Hepatitis C treatment that leads to viral suppression significantly reduces the likelihood of liver disease progression and liver-related mortality, but most people with hepatitis C remain untreated, according to a presentation at The Liver Meeting 2013, the 64th annual meeting of the American Association for the Study of Liver Diseases (AASLD), last week in Washington, DC. Other studies found that a growing proportion of liver transplants are due to hepatocellular carcinoma, which can still occur even after treatment.
Over years or decades, chronic hepatitis C virus (HCV) infection can lead to serious liver disease including cirrhosis, hepatocellular carcinoma (HCC) and end-stage liver failure. Up to 20% of people with chronic hepatitis C develop cirrhosis within 20 years, and among these the risk of HCC may reach 4%. Successful treatment of hepatitis C has the potential to slow or halt liver disease progression and reduce the risk of long-term consequences including liver cancer and liver-related death.
Jeffrey McCombs of the University of Southern California in Los Angeles looked at the impact of HCV viral load suppression with treatment on the risk of morbidity and mortality among people living with chronic hepatitis C and receiving care through the US Veterans Health Administration.
This observational cohort study included 128,769 eligible patients in the Department of Veterans Affairs HCV Clinical Case Registry during the period 1999-2010 (out of a pool of nearly 361,000) who had detectable HCV RNA (>25 IU/ml) and available HCV genotype data. Almost all were men, half were white, one-third were black and the average age was 52 years. Most (79%) had HCV genotype 1, the most common type in the US and the hardest to treat.
The primary outcomes considered were death and a composite endpoint of compensated cirrhosis, decompensated cirrhosis, HCC or liver-related hospitalisation.
Over a median follow-up period of six years, 24% of patients in the analysis started hepatitis C treatment but only 16% of treated individuals – or just 4% overall – achieved undetectable viral load at some point after starting therapy.
Introducing a 'Hepatitis Debrief' on the final day of the conference, Ronald Valdiserri, US Deputy Assistant Secretary for Health, described the national HCV 'treatment cascade' in the US. According to a 2013 report by Scott Holmberg from the Centers for Disease Control and Prevention (CDC) and colleagues, 50% of people with chronic hepatitis C (1.6 million out of an estimated total of 3.2 million) have been diagnosed, 32 to 38% are referred to care, 7 to 11% start treatment and only 5 to 6% are successfully treated.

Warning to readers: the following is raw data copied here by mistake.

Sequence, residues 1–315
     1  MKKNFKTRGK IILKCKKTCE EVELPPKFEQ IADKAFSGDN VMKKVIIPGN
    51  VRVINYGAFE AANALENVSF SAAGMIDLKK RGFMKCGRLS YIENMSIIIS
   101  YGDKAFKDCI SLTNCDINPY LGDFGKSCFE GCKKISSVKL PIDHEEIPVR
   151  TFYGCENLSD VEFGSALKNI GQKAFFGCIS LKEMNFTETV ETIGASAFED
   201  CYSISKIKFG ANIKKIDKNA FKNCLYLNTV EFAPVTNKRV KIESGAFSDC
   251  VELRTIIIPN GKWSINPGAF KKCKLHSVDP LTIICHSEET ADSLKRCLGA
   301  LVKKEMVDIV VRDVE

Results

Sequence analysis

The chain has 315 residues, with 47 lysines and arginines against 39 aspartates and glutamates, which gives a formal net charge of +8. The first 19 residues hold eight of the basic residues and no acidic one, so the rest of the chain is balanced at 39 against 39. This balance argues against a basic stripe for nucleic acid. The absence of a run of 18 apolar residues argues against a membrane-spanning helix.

In McCombs' study, achieving HCV viral suppression was associated with a 27% reduced risk of liver-related adverse outcomes (adjusted hazard ratio [HR] 0.73) and a 45% lower risk of death (adjusted HR 0.55).
Unadjusted mortality rates were 6.8 deaths per 1000 person-years for people who achieved undetectable viral load compared to 21.8 per 1000 person-years for those without viral suppression.
The researchers also found that people with HCV genotype 2 had a significantly lower risk of liver-related events or death compared to those with genotype 1 (adjusted HR 0.77 and 0.80, respectively). Conversely, people with genotype 3 were at higher risk relative to those with genotype 1 (adjusted HR 1.11 and 1.17, respectively).
Other significant risk factors for adverse outcomes or death included male sex, white race, older age and prior hospital admission.
"Viral load suppression reduces risk of future liver events by 27% and death by 45%", the researchers concluded. These results from the first study using a large population of patients with a wide array of disease progression and levels of fibrosis, "verifies earlier findings that viral load reduction through treatment can significantly reduce the risk of adverse patient outcomes".
As a limitation, this analysis looked at whether people had ever reached undetectable viral load rather than sustained virological response (SVR) – the accepted definition of a cure – but McCombs noted that fewer than 20% of people who achieve undetectable HCV RNA are thought to relapse.
At a media overview on the first day of the conference, AASLD president Gregory Fitz noted that while only one-quarter of veterans received treatment, "if you did, you lived longer and lived better". He noted that McCombs' results were based on "old school treatment" using interferon-based therapy, and that outcomes would likely be better using new direct-acting antiviral agents. But given the continued risk of liver cancer, he stressed that one "can't just clear the virus and think the story is over".
Liver cancer rates
In a related analysis, Adriaan Van der Meer of Erasmus University Medical Centre in Rotterdam looked at ongoing risk for liver cancer among people with hepatitis C who achieve sustained virological response, or continued viral suppression for at least six months after completing treatment.